Sixers: Doc Rivers is no stranger to postseason collapses

For as embarrassing as last night’s 4th quarter collapse was for Doc Rivers and his 76ers, it wasn’t the first time the head coach has been in the middle of a complete meltdown. And if history is any indication, it certainly won’t be the last time.

You don’t have to go that far back in time to find a recent Rivers’ debacle. Just last season as the head coach of the Los Angeles Clippers, Rivers’ team was on the brink of advancing to the Western Conference Finals. With a 3-1 series lead over the Denver Nuggets, losing the series — when you had easily the best player in the series in Kawhi Leonard — felt unimaginable.

But then it happened. In a blink of an eye, the team most basketball pundits called the best in the league, fell flat on their face and went home. Here’s just a quick recap of how embarrassing that collapse was:

  • Clippers blew a 15-point lead in Game 5.
  • The following game, they blew a 19-point lead in the second half.
  • In Game 7, LA was outscored 50-33 in the second half after going into halftime with a 2-point lead.

Series over.

But wait, there’s more!

Only 13 teams in NBA history have blown 3-1 leads in the playoffs. Rivers has been on the losing side of three of those series, across three separate decades. In 2003, Rivers and his Orlando Magic blew a 3-1 series lead to the Detroit Pistons. Granted, the Magic were the 8 seed heading into that postseason and the Pistons were one of the best teams in the East. He gets somewhat of a pass for that one.

Fast forward to 2015, Doc’s third season with the Clippers. After pulling off a stunning 7-game series victory over the Spurs in the first round, LA was hot heading into their second round series against the Houston Rockets. Although Chris Paul was sidelined for LA in Game 1, Rivers and company pulled off the upset to go up 1-0.

After dropping Game 2, they rattled off two straight victories to go up 3-1. They dropped Game 5, but were in prime position to win the series in Game 6 at home. LA got out to a 87-68 lead late in the second half, and entered the 4th quarter with a 92-79 lead. You already know where this is heading, right?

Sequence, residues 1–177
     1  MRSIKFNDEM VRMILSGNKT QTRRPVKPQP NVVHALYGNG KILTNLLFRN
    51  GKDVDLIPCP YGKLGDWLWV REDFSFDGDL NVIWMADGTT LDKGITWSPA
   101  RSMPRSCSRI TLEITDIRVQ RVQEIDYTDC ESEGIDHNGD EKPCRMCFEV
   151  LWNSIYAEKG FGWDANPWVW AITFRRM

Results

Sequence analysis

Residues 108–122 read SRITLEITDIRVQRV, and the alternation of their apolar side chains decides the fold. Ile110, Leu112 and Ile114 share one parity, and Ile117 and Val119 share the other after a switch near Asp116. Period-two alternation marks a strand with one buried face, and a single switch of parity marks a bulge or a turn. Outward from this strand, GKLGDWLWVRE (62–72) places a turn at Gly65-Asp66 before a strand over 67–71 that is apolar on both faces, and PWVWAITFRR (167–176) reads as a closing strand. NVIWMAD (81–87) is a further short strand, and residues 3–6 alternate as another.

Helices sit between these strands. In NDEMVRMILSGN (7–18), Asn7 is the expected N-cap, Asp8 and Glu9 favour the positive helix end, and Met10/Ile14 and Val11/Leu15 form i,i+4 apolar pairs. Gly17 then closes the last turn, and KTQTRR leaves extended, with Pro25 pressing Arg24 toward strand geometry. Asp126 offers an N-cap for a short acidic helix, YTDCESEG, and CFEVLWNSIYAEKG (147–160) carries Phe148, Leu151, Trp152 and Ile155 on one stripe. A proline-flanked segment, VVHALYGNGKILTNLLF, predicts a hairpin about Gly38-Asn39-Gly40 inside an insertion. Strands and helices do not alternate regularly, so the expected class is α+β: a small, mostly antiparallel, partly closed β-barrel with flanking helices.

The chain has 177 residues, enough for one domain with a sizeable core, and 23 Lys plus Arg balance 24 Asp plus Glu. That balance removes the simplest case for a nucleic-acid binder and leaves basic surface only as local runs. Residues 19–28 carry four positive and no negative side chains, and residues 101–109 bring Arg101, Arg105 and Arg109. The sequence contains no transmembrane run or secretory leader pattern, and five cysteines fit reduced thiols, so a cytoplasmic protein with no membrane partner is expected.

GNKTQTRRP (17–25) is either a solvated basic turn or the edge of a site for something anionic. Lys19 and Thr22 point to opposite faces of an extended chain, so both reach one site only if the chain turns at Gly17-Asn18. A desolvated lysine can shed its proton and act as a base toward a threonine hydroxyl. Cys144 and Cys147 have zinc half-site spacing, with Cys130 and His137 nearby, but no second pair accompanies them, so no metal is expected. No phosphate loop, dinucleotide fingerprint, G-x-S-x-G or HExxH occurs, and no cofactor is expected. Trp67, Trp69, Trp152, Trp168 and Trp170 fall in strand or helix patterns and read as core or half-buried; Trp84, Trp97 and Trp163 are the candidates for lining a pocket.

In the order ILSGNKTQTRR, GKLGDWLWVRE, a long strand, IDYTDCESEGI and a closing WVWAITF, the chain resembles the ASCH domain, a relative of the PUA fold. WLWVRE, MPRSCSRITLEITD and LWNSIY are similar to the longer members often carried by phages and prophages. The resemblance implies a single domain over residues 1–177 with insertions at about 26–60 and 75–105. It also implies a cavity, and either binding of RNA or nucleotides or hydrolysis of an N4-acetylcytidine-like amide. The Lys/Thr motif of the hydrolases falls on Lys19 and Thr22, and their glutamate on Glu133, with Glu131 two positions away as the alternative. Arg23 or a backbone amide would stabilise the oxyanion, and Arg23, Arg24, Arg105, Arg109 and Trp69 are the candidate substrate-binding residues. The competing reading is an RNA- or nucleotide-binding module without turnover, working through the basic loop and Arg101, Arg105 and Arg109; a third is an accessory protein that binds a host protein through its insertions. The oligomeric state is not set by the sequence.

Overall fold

The Rockets outscored the Clippers 40-15 in the 4th quarter. Read that one more time. 40-15. Funny enough, in the Sixers’ Game 5 shit show, they were outscored by Atlanta 40-19 in the 4th quarter. Rockets coach Kevin McHale didn’t even play James Harden for the majority of the 4th quarter in that game. The bench lineup, led by Josh Smith and Corey Brewer paved the way and pulled off one of the craziest upsets in NBA history.

With the series now tied at 3 all, the Clippers had one more opportunity to avoid the inevitable. But they couldn’t do it. Houston went on the win Game 7 and the Clippers’ nucleus of Chris Paul and Blake Giffin never felt the same after that. They lost in the first round the following two seasons before dealing both Paul and Griffin.

Now that brings us back to the Sixers Game 5 meltdown. While last night is still fresh on our minds, the collapse that set the stage for Game 5’s happened just two days prior. Philly had a 62-49 lead heading into halftime of Game 4, only to come out play some of the sloppiest basketball you’ll ever see in the second half.

The same issues that plagued the team in Game 4 — turnovers, no offensive rhythm in the half court, inability to hit clutch shots — were all amplified in Game 5. The Sixers had an 18-point lead heading into the 4th quarter and failed to make any kind of adjustments down the stretch. Trae Young started getting into a rhythm and before you had a chance to breathe the Hawks were in the lead.

NBA teams had won 117 consecutive games when leading by at least 18 points heading into the 4th quarter before last night. In NBA history, teams who led by at least 18 points going into the final period were 618-5 before Wednesday night. The Sixers were outscored by 25 points in the second half, the first time in 52 years that’s happened to the Sixers in a postseason game.

I could go on and on with these outrageous stats. But for the sake of you and I, let’s just stop there.

We can point the finger at a number of Sixers players for what transpired in last night’s game. Joel Embiid went cold in the 4th, Ben Simmons was once again an offensive liability, and Tobias Harris scored 4 freaking points the entire game. But for all their shortcomings, Doc Rivers is the only factor here who such a long, dreadful history of postseason collapses on his resume.

Is he a bad coach? Absolutely not. He deserves a lot of credit for helping this team reach the No. 1 seed in the East.

Is he bad coach in pivotal playoff situations? Based on the history, it’s hard to deny that as a cold hard fact at this point.

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